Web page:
We are fast reaching that time of year were we make those dreaded New Year’s resolutions and for most they can be pretty profound, a big deal to us or others in our lives and difficult for us to attain. That’s why so many of them are never realised. We go for the goals, set them and try, but it’s hard, right?
I think that is because they are either not realistic and/or the way we go about achieving them is all wrong. As a Personal Trainer we’re taught about SMART Goals; Specific, Measurable, Achievable, Realistic and Time Framed. And in an ideal world that’s how I set out any client training programme.
The difficulty comes when clients are vague about what they want or where they need to be. This is what we’re paid for right? Well my starting point would be education about the achievable and then what the time frames involved may be for those long term goals? This could be quite tough for some clients to hear and understand. Being honest about it will help them step off on the right foot, though.
First and foremost we have to understand what floats their sporting or physical fitness boat. The reason for this is to understand what they enjoy. Enjoyment is key to ensuring they realise that long term goal. If it’s always ‘head to the grind stone’, then the chances of meeting long term goals diminishes very quickly.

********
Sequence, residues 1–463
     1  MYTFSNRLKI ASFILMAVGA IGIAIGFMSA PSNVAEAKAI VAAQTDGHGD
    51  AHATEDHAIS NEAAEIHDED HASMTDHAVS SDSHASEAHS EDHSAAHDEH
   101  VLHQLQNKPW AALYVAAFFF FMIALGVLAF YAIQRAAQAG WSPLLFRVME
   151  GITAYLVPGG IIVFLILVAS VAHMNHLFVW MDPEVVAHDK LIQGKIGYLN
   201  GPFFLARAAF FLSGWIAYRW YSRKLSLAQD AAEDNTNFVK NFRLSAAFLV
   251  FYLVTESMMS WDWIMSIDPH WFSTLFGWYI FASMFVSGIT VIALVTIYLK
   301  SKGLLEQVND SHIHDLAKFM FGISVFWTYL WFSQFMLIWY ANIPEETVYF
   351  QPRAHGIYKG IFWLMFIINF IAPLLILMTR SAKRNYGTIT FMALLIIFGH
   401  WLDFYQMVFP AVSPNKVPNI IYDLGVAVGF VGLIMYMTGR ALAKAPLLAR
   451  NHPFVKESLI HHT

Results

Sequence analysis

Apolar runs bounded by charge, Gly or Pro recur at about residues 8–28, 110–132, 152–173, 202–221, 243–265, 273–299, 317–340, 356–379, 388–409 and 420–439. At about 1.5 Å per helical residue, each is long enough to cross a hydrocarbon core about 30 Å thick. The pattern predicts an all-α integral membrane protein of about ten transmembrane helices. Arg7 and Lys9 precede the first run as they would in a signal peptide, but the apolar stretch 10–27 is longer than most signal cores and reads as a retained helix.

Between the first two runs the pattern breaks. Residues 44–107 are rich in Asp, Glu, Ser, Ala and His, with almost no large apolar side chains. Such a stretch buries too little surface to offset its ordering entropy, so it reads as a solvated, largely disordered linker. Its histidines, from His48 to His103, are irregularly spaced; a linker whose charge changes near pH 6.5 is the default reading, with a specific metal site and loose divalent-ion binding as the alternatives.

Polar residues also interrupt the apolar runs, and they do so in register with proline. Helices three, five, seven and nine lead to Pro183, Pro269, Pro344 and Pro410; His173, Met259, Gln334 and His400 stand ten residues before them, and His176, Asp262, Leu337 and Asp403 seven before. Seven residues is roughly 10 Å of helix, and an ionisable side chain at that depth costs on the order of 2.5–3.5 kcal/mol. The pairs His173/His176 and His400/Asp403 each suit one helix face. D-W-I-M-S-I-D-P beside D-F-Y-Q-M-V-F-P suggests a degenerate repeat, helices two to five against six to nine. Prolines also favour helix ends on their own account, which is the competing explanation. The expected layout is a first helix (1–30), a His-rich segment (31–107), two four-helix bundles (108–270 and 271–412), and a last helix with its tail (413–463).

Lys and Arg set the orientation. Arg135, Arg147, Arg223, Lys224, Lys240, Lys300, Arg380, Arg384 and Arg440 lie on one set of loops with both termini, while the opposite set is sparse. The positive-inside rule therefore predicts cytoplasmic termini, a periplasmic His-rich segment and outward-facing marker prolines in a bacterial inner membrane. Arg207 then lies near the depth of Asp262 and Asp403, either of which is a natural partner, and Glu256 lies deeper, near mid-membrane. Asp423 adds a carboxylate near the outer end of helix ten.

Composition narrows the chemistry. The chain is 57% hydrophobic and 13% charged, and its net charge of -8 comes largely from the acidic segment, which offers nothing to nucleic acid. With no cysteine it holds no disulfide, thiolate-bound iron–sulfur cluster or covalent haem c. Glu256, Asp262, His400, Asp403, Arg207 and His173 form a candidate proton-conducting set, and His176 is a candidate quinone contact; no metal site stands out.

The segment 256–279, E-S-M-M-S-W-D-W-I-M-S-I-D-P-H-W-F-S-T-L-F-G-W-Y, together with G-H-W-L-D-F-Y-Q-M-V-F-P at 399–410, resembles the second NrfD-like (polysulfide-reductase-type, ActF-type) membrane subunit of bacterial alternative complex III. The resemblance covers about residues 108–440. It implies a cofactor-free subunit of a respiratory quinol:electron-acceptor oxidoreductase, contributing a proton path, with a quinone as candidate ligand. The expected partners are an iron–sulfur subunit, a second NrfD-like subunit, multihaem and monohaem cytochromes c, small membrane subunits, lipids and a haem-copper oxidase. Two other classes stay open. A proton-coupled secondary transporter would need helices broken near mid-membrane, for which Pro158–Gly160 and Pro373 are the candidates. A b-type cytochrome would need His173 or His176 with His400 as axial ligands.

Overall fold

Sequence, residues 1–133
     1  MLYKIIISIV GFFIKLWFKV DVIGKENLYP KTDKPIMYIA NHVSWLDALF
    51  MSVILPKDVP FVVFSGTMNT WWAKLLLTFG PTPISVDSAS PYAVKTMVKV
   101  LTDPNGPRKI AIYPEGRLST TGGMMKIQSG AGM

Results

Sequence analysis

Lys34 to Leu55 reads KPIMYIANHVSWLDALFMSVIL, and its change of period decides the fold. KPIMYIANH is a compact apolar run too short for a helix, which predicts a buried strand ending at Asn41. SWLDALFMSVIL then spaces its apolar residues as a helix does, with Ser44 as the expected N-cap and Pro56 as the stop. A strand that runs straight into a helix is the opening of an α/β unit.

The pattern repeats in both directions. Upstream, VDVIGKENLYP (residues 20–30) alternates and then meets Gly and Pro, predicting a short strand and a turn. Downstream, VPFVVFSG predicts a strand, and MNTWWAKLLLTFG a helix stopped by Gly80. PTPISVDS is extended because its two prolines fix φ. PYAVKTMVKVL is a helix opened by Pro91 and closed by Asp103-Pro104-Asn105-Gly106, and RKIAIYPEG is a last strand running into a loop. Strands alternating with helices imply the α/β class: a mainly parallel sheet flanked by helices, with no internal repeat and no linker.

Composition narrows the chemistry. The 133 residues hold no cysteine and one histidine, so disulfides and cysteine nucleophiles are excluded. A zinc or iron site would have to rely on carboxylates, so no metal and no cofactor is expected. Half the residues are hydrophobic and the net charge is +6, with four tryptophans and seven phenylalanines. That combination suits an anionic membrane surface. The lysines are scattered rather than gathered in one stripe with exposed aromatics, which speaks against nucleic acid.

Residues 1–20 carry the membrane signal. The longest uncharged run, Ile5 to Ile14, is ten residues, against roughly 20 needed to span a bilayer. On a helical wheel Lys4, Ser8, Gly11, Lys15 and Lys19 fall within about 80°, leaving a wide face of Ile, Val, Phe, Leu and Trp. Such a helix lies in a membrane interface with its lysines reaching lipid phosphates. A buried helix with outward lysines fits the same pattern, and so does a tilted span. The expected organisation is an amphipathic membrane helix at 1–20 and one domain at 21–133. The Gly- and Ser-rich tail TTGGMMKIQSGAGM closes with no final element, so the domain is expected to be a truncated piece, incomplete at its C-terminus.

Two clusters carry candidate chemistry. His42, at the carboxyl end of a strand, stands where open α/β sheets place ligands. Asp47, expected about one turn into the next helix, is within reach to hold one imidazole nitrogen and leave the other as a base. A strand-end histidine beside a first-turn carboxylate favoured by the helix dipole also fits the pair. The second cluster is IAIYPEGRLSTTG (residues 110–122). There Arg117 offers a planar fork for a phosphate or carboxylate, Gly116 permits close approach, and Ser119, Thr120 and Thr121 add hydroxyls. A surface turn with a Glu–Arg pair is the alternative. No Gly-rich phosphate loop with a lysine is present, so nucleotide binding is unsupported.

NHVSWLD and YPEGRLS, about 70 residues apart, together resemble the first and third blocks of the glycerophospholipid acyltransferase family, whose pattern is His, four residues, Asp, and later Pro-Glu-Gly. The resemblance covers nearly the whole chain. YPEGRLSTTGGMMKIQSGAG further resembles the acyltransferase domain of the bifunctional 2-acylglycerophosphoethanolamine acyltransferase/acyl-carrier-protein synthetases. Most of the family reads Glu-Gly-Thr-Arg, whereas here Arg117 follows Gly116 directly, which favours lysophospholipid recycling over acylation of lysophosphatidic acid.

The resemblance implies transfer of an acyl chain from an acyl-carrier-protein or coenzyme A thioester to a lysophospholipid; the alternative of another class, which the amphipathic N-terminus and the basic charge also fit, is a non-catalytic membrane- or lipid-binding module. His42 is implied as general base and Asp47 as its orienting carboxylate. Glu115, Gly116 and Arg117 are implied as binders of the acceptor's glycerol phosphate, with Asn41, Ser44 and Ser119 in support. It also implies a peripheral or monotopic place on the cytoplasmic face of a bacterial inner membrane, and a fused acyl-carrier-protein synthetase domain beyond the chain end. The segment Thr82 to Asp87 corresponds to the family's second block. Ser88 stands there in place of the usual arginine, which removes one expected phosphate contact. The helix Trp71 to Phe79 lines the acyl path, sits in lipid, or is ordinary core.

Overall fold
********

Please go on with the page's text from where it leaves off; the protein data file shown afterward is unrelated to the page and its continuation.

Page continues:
As a trainer you will not always be there for the client to motivate them, but we can educate them on a whole range of fitness activities, training methods and safety issues so they can go out and do it for themselves. If we make very achievable short term goals then success will help breed success, keep you on track and maybe, just maybe get to that all important long term goal.
It’s about small steps, progressive learning and not trying to do it all in a very short time. I’ve done several conditioning classes for sports teams and the first few are based around learning movements, correct form for the exercises and their sport. Both are equally important. You’d be surprised how many sports-people that require control and poise in their given discipline, but compensate through momentum or rapid movement, rather than use the correct mechanics to move properly and generate that important accuracy and power. Stripping back to the basics is often required to relearn some techniques and it is often hard for senior athletes to unlearn the bad habits. Get these small steps right and the main goal can be achieved much more quickly and reduce the risk of injury through proper movement, posture and balance. Build on strength through technique then put the weight up!
So if you are a novice or have experience in the gym or your given sport, give yourself a chance at being successful. Don’t bite off more than you can chew. Think about where you want to be and where you are now. Seek advice from people who you respect in your sport and who know you as a person.
By the way, this doesn’t mean don’t bother! Make those small changes, one step at a time, then look back and see how far you’ve come. You might just be surprised!